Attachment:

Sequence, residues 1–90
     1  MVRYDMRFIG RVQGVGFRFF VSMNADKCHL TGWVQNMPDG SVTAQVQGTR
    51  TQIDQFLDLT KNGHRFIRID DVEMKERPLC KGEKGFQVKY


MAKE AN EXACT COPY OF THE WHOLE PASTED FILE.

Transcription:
Sequence, residues 1–90
     1  MVRYDMRFIG RVQGVGFRFF VSMNADKCHL TGWVQNMPDG SVTAQVQGTR
    51  TQIDQFLDLT KNGHRFIRID DVEMKERPLC KGEKGFQVKY